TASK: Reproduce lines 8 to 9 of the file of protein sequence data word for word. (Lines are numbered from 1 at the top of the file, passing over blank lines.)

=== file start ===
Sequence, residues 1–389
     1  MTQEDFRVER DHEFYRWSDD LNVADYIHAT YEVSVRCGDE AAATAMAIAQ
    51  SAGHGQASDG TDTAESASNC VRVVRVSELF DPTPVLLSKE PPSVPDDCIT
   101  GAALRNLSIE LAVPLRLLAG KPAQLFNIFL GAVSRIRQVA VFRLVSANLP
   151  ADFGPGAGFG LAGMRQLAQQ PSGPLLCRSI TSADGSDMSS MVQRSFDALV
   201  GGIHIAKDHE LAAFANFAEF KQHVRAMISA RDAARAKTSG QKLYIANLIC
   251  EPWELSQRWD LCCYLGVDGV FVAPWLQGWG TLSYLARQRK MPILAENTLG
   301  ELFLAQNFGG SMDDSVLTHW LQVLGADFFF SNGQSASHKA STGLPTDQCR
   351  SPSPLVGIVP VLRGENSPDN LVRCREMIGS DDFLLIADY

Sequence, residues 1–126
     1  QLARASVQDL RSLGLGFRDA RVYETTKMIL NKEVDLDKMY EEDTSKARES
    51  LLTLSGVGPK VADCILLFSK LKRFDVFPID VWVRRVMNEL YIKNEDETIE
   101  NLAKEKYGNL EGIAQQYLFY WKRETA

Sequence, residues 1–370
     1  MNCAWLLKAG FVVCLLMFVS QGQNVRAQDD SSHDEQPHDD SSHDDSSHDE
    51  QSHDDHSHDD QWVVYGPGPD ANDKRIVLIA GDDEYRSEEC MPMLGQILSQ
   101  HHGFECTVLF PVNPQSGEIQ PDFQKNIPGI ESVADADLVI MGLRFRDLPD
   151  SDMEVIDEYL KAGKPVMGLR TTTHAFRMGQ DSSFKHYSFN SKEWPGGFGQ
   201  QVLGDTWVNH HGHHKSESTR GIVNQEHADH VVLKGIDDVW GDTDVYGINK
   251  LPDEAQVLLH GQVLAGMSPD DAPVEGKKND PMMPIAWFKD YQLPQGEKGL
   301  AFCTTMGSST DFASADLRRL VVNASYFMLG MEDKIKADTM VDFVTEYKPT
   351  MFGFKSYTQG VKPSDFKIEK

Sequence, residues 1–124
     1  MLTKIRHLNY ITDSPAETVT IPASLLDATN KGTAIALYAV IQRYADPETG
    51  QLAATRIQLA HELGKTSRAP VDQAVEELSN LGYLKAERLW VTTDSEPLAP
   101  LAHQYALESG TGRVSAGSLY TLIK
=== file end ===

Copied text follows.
   301  ELFLAQNFGG SMDDSVLTHW LQVLGADFFF SNGQSASHKA STGLPTDQCR
   351  SPSPLVGIVP VLRGENSPDN LVRCREMIGS DDFLLIADY